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Wednesday, July 22, 1998 Published at 18:38 GMT 19:38 UK

World: Europe

Ministers discuss Europe clean up

Speculation on Sellafield's future continues

Ministers from 15 European nations have met near Lisbon to discuss how to clean up the seas around northern Europe.

BBC News' Tim Hirsch: Sellafield targets impossible to achieve
The UK Deputy Prime Minster, John Prescott, is attending the two-day gathering - the first meeting at ministerial level of the Convention for the Protection of the Marine Environment of the North East Atlantic (OSPAR).

Correspondents said delegates were expected to criticise Britain, saying it uses the North Sea and the Irish Sea as a convenient dumping ground.

Discussions were also expected to cover the issue of radioactive discharges, particularly from British reprocessing plants, which some European countries blame for rising radiation levels off their coasts.

The meeting could influence the future of British Nuclear Fuels' Sellafield re-processing plant on the north-west coast of England.

The Irish Government has complained for years about the level of nuclear discharges allowed from Sellafield.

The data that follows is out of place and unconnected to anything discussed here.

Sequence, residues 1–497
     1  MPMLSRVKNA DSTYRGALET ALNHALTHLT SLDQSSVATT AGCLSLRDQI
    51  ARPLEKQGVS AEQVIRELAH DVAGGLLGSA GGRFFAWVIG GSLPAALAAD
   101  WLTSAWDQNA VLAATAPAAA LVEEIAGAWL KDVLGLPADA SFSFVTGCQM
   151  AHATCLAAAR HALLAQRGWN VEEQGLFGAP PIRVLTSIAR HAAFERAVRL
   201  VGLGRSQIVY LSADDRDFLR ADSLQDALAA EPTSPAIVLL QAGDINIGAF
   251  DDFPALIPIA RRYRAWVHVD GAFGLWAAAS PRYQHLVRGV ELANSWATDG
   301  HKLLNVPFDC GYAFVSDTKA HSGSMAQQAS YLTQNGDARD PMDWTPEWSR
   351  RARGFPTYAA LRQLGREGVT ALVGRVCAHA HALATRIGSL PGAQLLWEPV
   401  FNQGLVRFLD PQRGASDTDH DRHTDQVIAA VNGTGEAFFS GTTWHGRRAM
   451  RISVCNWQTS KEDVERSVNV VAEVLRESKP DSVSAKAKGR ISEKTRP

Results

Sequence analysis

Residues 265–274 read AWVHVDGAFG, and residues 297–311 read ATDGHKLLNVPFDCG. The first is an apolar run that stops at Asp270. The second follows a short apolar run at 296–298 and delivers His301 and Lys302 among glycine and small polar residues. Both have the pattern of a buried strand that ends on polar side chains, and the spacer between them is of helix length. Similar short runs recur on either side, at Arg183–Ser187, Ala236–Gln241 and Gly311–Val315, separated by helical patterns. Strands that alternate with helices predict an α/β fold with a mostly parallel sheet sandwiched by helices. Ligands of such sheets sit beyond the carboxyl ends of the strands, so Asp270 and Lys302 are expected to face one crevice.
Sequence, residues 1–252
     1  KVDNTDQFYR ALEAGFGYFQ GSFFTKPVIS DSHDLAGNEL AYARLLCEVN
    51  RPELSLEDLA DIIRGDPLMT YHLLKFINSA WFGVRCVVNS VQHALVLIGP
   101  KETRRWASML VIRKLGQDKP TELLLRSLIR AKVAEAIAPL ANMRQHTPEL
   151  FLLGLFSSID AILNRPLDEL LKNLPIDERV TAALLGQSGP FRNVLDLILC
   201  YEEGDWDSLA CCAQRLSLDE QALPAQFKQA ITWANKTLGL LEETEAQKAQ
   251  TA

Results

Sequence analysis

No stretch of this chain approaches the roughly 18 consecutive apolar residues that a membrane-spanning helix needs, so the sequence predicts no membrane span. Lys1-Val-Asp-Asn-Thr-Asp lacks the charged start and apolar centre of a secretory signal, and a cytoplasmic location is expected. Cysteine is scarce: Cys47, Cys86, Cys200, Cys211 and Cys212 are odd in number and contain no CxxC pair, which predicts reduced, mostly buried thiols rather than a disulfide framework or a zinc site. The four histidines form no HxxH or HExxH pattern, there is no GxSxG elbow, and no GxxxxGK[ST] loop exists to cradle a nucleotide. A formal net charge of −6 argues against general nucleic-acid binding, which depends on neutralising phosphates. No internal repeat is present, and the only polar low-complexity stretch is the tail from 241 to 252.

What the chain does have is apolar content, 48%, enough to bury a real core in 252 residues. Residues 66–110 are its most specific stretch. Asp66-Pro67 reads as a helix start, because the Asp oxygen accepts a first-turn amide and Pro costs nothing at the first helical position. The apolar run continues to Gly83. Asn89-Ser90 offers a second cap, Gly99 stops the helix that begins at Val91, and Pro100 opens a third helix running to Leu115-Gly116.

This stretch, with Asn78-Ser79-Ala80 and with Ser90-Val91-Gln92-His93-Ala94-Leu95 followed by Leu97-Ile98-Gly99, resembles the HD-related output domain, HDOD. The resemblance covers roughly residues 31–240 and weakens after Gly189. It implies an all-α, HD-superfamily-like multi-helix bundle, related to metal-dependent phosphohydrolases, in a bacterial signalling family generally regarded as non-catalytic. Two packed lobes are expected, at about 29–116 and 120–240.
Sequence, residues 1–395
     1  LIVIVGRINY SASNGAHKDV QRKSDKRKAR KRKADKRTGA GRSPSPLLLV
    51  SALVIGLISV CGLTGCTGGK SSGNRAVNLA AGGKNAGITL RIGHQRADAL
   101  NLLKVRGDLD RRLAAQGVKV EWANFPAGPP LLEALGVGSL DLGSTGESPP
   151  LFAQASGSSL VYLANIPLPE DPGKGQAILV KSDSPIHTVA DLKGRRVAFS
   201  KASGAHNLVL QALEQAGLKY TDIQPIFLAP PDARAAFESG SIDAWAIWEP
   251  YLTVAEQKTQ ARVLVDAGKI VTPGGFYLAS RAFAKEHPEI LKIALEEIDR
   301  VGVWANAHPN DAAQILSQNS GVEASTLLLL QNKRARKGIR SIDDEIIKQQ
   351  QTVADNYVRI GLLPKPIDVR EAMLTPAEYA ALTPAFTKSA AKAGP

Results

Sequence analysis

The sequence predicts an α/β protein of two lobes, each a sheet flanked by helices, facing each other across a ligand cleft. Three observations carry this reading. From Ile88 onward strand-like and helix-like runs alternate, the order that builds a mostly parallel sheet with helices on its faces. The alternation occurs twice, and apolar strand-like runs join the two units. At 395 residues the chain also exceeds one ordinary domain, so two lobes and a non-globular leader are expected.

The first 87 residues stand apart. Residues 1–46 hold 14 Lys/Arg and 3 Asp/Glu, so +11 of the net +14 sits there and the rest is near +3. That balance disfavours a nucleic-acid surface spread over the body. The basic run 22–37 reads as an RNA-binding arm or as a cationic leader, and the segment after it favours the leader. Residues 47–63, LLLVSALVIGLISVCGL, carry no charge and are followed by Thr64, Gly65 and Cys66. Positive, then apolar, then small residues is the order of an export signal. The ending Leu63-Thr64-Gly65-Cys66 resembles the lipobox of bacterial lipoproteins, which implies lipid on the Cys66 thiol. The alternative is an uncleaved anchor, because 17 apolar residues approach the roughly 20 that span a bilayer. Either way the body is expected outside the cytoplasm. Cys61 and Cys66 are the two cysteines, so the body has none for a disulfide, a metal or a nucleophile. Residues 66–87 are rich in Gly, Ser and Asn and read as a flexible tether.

BBC Correspondent Tim Hersch reports
British agreement will be needed if a complete ban on radioactive waste is achieved - and this would be almost impossible for Sellafield to achieve.

Proposals on radiation, concerning Britain and France, range from a total ban on discharges of nuclear waste - the so-called zero option - to emissions being capped at natural levels.

Britain and France, have previously insisted on an opt-out clause to allow for some dumping of nuclear waste.

Scandinavian countries have been pushing for a complete ban.

The meeting is due to announce its decisions on Thursday.

Oil rigs

[ image: Brent Spar brought the issue of dumping oil rigs at sea to the pubic's attention]
Brent Spar brought the issue of dumping oil rigs at sea to the pubic's attention
The meeting was also due to discuss the dismantling of North Sea oil rigs and platforms once their useful life is over.

The issue hit the headlines in 1995 when public opinion forced oil company Shell to back down on a decision to dump its Brent Spar loading buoy in deep waters.

Britain is proposing that the structures of oil rigs must be removed but the supporting pylons, which are driven into the sea bed, should be allowed to remain behind in the sea.

Oil companies have said that a sweeping ban on the dumping of oil rigs could raise their clean-up costs by hundreds of millions of dollars.

The 15 countries are all signatories to the 1992 Convention for Protection of the Marine Environment of the north-east Atlantic, which came into force in 1998.

Future meetings will be held every five years.

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Convention for the Protection of the Marine Environment of the North-East Atlantic.

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